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U.S. Sen. Patrick Leahy stood behind Sen. Thad Cochran’s casket and held back tears as he eulogized his old friend and a bygone era of civility across party lines in American politics.
“I can’t help but feel the Senate is more empty without him, because he was a man of his word. I wish there were more like him,” Leahy said. “His legacy will live long in programs that got strong support from Democrats and Republicans in the Senate… He’s a model for what the Senate should be, and he proved it can be.”
It’s unlikely, in today’s hyper-partisan Congress, that a liberal Democrat from Vermont and a conservative Republican from Mississippi could be close friends. But longtime Sens. Leahy and Cochran, who passed away on Thursday morning at age 81, defied those standards. Their friendship dates back to 1978, the year Cochran was elected to the Senate after serving three terms in the U.S. House of Representatives.
“He’s the best friend I have in the Senate,” Leahy told Mississippi Today in 2017. “He always keeps his word. I know he’ll keep his word to me, he knows I’ll keep my word to him. Unfortunately, some in both parties are forgetting that.”
Their friendship was built on shared interests, particularly regarding their states’ rural, agrarian geography and reliance on federal funding. At one time or another, both served as chair of the Agriculture Committee, and both have served as top leaders of the powerful Appropriations Committee.
The two traveled the world together and became familiar with each other’s homes. Cochran once traveled to Montpelier with Leahy when the temperature hit 20 below zero, and Leahy traveled to the catfish farms of the Delta during the peak of Mississippi’s hellish summer.
That’s why it was no surprise that Leahy was asked to speak at his friend’s funeral on Tuesday in Jackson, where friends of Cochran gathered to celebrate his life and legacy one last time.
“When he delivered his farewell speech last year, it was the most difficult times I’ve had on the Senate floor,” Leahy said. “I had tears, but he turned to me and said he and I had fought side by side with each other, sometimes face to face against each other, but always with friendship and respect. No matter the issue, we’d walk out of the Senate chamber with our arms around each other.”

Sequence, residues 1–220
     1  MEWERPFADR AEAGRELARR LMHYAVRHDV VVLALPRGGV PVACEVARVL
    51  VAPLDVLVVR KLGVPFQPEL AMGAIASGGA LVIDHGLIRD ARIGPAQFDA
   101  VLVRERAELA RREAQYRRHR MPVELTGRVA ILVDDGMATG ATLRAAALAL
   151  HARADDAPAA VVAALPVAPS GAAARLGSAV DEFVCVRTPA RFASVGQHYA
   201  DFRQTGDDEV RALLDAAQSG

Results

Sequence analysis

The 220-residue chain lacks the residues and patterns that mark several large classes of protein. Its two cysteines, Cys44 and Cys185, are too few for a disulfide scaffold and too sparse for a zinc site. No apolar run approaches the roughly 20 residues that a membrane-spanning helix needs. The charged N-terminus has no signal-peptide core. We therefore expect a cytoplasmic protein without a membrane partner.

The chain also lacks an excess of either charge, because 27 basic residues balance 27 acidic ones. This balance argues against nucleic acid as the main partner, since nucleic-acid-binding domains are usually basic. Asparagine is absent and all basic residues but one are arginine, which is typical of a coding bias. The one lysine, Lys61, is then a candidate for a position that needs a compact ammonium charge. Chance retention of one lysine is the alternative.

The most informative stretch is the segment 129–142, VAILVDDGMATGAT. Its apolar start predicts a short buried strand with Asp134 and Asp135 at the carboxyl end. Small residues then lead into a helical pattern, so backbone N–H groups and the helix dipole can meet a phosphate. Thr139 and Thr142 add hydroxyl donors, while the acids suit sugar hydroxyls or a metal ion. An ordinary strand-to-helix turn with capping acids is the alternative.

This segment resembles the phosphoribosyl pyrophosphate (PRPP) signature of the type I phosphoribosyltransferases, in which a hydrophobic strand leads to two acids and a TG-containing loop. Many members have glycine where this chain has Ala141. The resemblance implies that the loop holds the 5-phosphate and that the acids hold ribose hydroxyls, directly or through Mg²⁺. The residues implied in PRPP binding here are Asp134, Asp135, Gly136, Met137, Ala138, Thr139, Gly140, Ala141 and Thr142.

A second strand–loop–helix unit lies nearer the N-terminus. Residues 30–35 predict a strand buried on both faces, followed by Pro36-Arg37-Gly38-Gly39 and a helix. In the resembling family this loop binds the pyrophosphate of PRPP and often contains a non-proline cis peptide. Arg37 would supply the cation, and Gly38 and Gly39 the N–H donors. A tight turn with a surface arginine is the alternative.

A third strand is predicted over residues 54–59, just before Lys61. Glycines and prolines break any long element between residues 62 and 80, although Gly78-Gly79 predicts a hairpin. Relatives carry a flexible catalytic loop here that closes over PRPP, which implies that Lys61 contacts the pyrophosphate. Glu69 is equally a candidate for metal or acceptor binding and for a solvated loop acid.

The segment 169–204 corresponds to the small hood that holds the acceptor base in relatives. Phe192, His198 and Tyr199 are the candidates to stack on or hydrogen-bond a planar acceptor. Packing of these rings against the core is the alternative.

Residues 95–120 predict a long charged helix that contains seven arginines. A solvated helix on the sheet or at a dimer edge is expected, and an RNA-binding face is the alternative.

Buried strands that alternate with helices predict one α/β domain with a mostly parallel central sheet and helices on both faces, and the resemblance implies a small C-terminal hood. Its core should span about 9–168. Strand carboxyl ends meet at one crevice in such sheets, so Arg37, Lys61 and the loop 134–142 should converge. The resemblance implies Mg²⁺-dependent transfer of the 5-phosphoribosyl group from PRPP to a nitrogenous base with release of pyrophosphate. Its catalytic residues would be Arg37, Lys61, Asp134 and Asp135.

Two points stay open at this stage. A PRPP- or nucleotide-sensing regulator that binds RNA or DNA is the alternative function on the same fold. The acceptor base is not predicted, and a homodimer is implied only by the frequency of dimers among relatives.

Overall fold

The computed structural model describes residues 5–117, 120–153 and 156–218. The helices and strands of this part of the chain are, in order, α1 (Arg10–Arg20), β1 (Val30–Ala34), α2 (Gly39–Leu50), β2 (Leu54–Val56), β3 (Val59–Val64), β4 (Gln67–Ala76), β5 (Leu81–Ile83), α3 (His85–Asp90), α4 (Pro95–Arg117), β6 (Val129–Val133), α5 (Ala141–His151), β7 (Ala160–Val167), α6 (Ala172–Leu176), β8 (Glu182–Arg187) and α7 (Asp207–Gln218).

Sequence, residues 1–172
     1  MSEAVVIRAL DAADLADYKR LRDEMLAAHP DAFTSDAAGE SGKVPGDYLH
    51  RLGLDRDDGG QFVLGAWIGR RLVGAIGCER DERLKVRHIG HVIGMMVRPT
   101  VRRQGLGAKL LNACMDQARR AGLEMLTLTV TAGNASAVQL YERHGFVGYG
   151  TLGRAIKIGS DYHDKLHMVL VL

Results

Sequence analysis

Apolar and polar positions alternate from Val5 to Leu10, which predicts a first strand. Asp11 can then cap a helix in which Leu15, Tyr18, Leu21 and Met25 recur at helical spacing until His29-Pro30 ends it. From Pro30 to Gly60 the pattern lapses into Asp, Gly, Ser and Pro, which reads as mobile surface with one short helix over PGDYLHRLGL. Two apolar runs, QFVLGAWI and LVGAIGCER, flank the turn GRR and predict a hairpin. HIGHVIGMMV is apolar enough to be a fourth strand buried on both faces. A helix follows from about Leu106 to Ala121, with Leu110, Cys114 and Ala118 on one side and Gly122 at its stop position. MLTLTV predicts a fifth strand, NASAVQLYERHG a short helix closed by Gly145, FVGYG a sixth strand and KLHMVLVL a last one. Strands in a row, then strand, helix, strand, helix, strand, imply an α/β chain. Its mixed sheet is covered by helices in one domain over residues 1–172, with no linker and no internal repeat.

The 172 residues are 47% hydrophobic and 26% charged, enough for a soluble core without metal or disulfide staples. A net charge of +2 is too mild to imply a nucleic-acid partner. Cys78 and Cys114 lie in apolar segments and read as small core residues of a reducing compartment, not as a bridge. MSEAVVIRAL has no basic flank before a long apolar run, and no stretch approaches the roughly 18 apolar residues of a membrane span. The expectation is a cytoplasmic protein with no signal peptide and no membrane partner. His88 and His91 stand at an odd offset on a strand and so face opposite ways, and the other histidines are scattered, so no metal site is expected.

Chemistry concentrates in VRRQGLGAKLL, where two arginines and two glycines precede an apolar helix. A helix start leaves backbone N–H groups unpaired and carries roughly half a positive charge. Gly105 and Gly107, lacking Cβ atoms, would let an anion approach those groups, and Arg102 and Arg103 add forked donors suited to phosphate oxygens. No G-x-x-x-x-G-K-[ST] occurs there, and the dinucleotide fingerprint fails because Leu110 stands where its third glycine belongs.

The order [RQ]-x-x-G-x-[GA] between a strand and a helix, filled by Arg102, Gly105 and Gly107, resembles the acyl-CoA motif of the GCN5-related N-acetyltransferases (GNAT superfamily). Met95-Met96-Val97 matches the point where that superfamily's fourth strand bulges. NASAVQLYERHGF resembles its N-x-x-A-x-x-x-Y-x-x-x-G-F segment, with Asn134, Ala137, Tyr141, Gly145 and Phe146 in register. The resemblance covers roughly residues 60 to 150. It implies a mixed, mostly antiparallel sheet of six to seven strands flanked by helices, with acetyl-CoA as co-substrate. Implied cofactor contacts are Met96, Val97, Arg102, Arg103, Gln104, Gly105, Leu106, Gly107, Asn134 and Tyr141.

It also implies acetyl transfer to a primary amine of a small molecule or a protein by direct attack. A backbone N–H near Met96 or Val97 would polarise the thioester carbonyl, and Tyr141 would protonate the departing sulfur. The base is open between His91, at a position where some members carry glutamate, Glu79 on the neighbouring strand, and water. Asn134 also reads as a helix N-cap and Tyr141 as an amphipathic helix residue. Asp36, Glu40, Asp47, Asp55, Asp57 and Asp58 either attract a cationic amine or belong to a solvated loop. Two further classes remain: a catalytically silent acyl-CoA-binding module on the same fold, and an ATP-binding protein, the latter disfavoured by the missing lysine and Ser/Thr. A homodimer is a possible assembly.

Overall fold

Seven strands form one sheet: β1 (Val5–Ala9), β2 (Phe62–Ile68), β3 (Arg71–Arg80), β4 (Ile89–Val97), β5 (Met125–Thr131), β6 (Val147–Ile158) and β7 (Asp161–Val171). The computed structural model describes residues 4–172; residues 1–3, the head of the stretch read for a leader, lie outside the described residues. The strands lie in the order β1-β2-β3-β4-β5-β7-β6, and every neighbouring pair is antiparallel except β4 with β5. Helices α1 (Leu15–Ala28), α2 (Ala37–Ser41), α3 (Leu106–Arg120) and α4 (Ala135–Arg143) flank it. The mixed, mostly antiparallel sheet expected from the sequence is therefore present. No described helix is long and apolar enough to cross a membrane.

The funeral service at Northminster Baptist Church, where Cochran was a member, was an intimate, more personal affair than the highly politicized service at the Mississippi Capitol on Monday, where Gov. Phil Bryant, Lt. Gov. Tate Reeves and Speaker Philip Gunn spoke.
At Northminster, speakers who had deep, personal relationships with the senator told jokes about the late senator, including several comments about his full head of white hair and his affinity for the Ole Miss Rebels.
Cochran’s children, Kate Cochran and Clayton Cochran, read scripture. Attendees sang the senator’s favorite hymn “Amazing Grace,” and the Navy hymn, “Eternal Father Strong to Save,” was played, a nod to Cochran’s time as a Naval officer.
Retired Rear Adm. Barry Black, the U.S. Senate chaplain, delivered the homily. The theme of Black’s homily, based on Hebrews 11, was Cochran’s significant legacy.
“Sen. Cochran was a man who built a life that continues to speak to us,” Black said. “And we, inspired by that light, should strive to build lives that continue to speak because death is not the final word for people of faith.”
Cochran’s last chief of staff, Brad White, walked with the senator’s widow, Kay Cochran, to the front of the church, and Northminster pastor Chuck Poole mentioned Rose Cochran, the senator’s first wife who passed away in 2014.
Former staffers wiped tears from their eyes during the service, and extended family consoled one another. About 300 people packed into the sanctuary, decorated with Magnolia flowers and leaves, for the funeral of one of Mississippi’s most prominent sons.
“Thad was one of the last of his kind,” said U.S. Sen. Richard Shelby, a Republican from Alabama, who took over Appropriations chairman after Cochran retired. “If there was one thing that was always known about Thad Cochran, it was his love for his state of Mississippi… The nation will miss Thad Cochran.”
After the Monday service at the Mississippi State Capitol, Cochran lay in state there through Monday night. Before the Mississippi Highway Patrol moved his body to Northminster on Tuesday morning, he was honored with the playing of “Taps” and a 21-gun salute. Cochran will be buried in Oxford at a later date.